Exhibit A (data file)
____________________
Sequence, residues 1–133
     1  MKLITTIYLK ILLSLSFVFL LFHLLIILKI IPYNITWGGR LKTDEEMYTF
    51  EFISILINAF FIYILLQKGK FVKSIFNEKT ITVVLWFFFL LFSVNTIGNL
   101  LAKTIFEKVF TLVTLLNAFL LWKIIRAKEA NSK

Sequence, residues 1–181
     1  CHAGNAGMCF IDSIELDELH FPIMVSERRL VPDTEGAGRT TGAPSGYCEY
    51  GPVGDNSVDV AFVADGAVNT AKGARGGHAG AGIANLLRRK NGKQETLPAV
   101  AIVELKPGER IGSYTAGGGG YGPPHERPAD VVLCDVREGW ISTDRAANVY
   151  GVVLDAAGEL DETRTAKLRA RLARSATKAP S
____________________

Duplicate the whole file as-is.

Sequence, residues 1–133
     1  MKLITTIYLK ILLSLSFVFL LFHLLIILKI IPYNITWGGR LKTDEEMYTF
    51  EFISILINAF FIYILLQKGK FVKSIFNEKT ITVVLWFFFL LFSVNTIGNL
   101  LAKTIFEKVF TLVTLLNAFL LWKIIRAKEA NSK

Sequence, residues 1–181
     1  CHAGNAGMCF IDSIELDELH FPIMVSERRL VPDTEGAGRT TGAPSGYCEY
    51  GPVGDNSVDV AFVADGAVNT AKGARGGHAG AGIANLLRRK NGKQETLPAV
   101  AIVELKPGER IGSYTAGGGG YGPPHERPAD VVLCDVREGW ISTDRAANVY
   151  GVVLDAAGEL DETRTAKLRA RLARSATKAP S